John C. Maxwell has sold thirty million books in fifty languages, earning him recognition as the world’s most influential leadership expert. In his new book Leadershift: The 11 Essential Changes Every Leader Must Embrace, he introduces a new concept into the leadership lexicon: a leadershift that he defines as: [the] ability and willingness to make a leadership change that will positively enhance organizational and personal growth.
Management vs. Leadership
Maxwell begins by reiterating the traditional delineation between management and leadership. Management principles are dependent on stability – quantifiable inputs delivering predictable outputs. Leadership, by contrast, guides the organization into the unknown future of the organization.
Leadershifts, the author proposes, represent an acknowledgment that this journey forward into that unknown is travelling at a much faster rate than ever before. In addition, the parameters of that unknown future are becoming increasingly ambiguous as technology gives us the capability to deliver unanticipated paradigm shifts in much shorter time frames.
Disruptive technologies such as the printing press, the personal computer, and the internet will continue to arrive at a rapid pace and to be as unexpected as their predecessors.
Eleven Essential Changes
If leadership felt like changing all four tires on a car while travelling at ninety miles an hour down the interstate, leadershifts elevate that analogy to changing the oil on a jet fighter flying at Mach 1.
To make that shift, Maxwell argues, leaders must embrace eleven essential changes including how they approach their role as a leader, how they motivate and develop their direct reports, and how they guide the future growth of the organization.
For example, in the past, achieving a senior leadership position required diligent ladder-climbing to reach the top of the organizational pyramid as the CEO. As a leadershifter, you focus on building that ladder for others to follow in your footsteps, making you a collaborative conductor rather than a standout soloist.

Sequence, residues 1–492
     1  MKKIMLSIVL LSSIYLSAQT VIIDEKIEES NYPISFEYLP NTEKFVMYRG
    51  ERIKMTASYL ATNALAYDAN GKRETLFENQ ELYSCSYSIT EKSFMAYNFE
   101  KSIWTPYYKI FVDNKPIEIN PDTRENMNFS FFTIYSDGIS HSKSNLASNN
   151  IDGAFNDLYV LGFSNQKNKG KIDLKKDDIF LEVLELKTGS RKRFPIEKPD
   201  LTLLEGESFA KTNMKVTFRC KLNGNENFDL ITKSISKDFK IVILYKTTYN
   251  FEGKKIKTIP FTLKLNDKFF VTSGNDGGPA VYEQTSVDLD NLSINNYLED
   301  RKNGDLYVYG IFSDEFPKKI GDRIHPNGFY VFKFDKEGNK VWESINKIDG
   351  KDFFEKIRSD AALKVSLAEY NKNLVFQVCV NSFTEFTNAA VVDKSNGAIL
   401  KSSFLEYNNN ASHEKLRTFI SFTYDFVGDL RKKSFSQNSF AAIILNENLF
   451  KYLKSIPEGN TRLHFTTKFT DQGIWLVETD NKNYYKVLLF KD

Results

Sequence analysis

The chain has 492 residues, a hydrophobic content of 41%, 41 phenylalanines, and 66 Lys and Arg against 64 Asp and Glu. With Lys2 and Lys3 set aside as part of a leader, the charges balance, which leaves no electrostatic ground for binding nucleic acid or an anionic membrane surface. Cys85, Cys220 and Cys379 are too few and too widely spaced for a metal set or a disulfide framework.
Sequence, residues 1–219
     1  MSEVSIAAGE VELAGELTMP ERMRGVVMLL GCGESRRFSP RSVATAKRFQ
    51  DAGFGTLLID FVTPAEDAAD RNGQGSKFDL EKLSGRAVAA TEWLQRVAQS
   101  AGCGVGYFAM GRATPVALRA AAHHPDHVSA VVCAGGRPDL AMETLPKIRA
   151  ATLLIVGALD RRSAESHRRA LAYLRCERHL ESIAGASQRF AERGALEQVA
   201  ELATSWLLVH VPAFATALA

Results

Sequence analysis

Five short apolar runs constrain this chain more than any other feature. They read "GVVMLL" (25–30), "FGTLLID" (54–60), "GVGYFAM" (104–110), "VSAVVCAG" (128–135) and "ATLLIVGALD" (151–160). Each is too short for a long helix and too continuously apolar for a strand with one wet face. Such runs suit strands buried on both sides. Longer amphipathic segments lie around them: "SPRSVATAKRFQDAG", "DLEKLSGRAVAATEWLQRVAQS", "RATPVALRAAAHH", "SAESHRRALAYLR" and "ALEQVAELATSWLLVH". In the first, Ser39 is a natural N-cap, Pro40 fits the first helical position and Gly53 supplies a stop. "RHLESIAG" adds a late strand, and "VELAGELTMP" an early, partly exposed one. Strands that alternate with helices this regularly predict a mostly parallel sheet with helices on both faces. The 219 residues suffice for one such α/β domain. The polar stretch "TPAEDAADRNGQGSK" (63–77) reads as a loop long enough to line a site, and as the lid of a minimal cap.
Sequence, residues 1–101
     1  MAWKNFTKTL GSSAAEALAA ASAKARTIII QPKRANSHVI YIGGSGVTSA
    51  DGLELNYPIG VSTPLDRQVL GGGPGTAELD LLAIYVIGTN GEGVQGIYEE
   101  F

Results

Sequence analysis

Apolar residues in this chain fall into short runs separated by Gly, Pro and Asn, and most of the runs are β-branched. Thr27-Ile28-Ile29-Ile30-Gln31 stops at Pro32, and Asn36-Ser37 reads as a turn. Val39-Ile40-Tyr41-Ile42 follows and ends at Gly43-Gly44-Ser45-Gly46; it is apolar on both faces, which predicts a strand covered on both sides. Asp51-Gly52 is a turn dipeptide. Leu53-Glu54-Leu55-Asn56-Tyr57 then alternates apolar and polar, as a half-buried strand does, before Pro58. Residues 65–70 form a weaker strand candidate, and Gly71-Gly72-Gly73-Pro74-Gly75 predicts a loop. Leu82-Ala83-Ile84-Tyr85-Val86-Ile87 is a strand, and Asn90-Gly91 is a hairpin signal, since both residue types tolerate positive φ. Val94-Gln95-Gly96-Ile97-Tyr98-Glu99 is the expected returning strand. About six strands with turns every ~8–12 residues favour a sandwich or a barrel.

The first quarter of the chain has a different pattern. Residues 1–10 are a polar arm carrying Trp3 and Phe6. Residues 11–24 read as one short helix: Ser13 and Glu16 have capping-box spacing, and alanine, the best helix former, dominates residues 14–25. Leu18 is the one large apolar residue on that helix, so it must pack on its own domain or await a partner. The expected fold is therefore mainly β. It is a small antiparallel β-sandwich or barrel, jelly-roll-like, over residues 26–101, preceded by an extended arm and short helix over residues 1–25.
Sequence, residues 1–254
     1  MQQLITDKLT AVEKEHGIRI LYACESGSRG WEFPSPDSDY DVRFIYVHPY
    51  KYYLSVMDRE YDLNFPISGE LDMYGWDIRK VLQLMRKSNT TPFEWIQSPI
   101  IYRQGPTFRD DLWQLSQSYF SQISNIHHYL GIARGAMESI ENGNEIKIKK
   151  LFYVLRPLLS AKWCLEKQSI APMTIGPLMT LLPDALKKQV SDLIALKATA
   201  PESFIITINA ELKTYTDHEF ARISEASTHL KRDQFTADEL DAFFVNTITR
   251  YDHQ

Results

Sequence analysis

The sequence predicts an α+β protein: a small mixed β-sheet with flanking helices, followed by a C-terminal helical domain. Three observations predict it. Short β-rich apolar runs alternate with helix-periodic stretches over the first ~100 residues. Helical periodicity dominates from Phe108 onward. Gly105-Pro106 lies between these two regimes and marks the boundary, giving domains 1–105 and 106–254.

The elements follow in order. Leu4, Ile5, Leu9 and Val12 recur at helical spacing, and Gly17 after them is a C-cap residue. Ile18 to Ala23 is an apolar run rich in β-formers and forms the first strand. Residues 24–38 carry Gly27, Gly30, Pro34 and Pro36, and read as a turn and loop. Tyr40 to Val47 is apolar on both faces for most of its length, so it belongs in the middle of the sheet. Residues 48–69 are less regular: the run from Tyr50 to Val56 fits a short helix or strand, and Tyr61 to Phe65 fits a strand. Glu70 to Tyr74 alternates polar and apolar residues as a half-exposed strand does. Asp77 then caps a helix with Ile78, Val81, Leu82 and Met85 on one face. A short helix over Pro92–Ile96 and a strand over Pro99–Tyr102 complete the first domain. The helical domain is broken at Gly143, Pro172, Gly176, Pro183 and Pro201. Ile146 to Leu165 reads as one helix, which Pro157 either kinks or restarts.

Even in the traditionally senior role of conductor, you must still be willing to forego positional authority in favor of earning the moral authority of the people you lead. Part of that responsibility includes building diverse teams that are motivated to challenge existing norms in transforming the organization. Chasing prescriptive growth targets sent down from on high has no place in this new world.
One of the toughest challenges may be the willingness to abandon strict adherence to formal leadership training in favor of a more freeform role as a transformational leader. Inspiring people to reach beyond their own perceived limitations and committing to becoming a positive voice in the lives of people who were formerly just direct reports will be a true paradigm shift.
Leadershift adds a new concept to the leadership lexicon. To succeed in this fast-paced business world, leaders need a dramatically new approach to the responsibilities and obligations of leadership. Maxwell offers a comprehensive blueprint for change distilled into 11 essential behavioral changes.